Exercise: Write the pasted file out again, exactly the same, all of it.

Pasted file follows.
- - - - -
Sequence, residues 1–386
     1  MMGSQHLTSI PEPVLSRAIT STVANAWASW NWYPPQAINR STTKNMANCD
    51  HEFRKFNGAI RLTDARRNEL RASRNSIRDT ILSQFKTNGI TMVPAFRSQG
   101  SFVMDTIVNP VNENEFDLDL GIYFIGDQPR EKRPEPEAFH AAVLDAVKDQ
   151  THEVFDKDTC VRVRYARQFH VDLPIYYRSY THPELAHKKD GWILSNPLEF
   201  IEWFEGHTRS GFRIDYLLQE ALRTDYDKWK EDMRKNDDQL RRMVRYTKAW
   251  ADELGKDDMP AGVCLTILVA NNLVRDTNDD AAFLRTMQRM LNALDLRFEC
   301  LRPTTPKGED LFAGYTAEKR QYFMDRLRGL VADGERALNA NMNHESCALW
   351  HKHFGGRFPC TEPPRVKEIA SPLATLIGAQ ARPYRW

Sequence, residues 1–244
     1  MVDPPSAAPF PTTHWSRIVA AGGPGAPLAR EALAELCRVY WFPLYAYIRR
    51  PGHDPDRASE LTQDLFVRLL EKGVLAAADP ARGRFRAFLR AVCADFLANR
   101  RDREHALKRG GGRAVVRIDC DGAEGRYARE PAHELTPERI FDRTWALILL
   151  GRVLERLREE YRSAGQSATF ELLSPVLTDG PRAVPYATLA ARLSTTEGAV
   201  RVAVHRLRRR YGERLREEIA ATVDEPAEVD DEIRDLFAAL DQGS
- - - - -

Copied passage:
Sequence, residues 1–386
     1  MMGSQHLTSI PEPVLSRAIT STVANAWASW NWYPPQAINR STTKNMANCD
    51  HEFRKFNGAI RLTDARRNEL RASRNSIRDT ILSQFKTNGI TMVPAFRSQG
   101  SFVMDTIVNP VNENEFDLDL GIYFIGDQPR EKRPEPEAFH AAVLDAVKDQ
   151  THEVFDKDTC VRVRYARQFH VDLPIYYRSY THPELAHKKD GWILSNPLEF
   201  IEWFEGHTRS GFRIDYLLQE ALRTDYDKWK EDMRKNDDQL RRMVRYTKAW
   251  ADELGKDDMP AGVCLTILVA NNLVRDTNDD AAFLRTMQRM LNALDLRFEC
   301  LRPTTPKGED LFAGYTAEKR QYFMDRLRGL VADGERALNA NMNHESCALW
   351  HKHFGGRFPC TEPPRVKEIA SPLATLIGAQ ARPYRW

Sequence, residues 1–244
     1  MVDPPSAAPF PTTHWSRIVA AGGPGAPLAR EALAELCRVY WFPLYAYIRR
    51  PGHDPDRASE LTQDLFVRLL EKGVLAAADP ARGRFRAFLR AVCADFLANR
   101  RDREHALKRG GGRAVVRIDC DGAEGRYARE PAHELTPERI FDRTWALILL
   151  GRVLERLREE YRSAGQSATF ELLSPVLTDG PRAVPYATLA ARLSTTEGAV
   201  RVAVHRLRRR YGERLREEIA ATVDEPAEVD DEIRDLFAAL DQGS